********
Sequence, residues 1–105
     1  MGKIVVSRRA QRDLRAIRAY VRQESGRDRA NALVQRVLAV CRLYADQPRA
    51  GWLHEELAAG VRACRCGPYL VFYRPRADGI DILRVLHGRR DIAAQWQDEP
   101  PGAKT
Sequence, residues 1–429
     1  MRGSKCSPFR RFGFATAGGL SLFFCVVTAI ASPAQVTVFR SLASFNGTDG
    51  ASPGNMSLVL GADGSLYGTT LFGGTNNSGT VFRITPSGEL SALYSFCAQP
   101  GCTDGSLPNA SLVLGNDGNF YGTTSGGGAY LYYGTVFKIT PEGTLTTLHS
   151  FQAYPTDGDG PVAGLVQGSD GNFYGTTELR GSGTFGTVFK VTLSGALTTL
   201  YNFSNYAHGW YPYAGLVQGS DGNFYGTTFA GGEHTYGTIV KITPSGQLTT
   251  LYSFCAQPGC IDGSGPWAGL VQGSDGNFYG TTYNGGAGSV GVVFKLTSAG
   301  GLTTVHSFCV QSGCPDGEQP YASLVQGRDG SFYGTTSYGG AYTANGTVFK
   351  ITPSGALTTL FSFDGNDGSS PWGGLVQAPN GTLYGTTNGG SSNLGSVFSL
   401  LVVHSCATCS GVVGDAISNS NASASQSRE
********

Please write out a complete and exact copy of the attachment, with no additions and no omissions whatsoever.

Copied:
Sequence, residues 1–105
     1  MGKIVVSRRA QRDLRAIRAY VRQESGRDRA NALVQRVLAV CRLYADQPRA
    51  GWLHEELAAG VRACRCGPYL VFYRPRADGI DILRVLHGRR DIAAQWQDEP
   101  PGAKT
Sequence, residues 1–429
     1  MRGSKCSPFR RFGFATAGGL SLFFCVVTAI ASPAQVTVFR SLASFNGTDG
    51  ASPGNMSLVL GADGSLYGTT LFGGTNNSGT VFRITPSGEL SALYSFCAQP
   101  GCTDGSLPNA SLVLGNDGNF YGTTSGGGAY LYYGTVFKIT PEGTLTTLHS
   151  FQAYPTDGDG PVAGLVQGSD GNFYGTTELR GSGTFGTVFK VTLSGALTTL
   201  YNFSNYAHGW YPYAGLVQGS DGNFYGTTFA GGEHTYGTIV KITPSGQLTT
   251  LYSFCAQPGC IDGSGPWAGL VQGSDGNFYG TTYNGGAGSV GVVFKLTSAG
   301  GLTTVHSFCV QSGCPDGEQP YASLVQGRDG SFYGTTSYGG AYTANGTVFK
   351  ITPSGALTTL FSFDGNDGSS PWGGLVQAPN GTLYGTTNGG SSNLGSVFSL
   401  LVVHSCATCS GVVGDAISNS NASASQSRE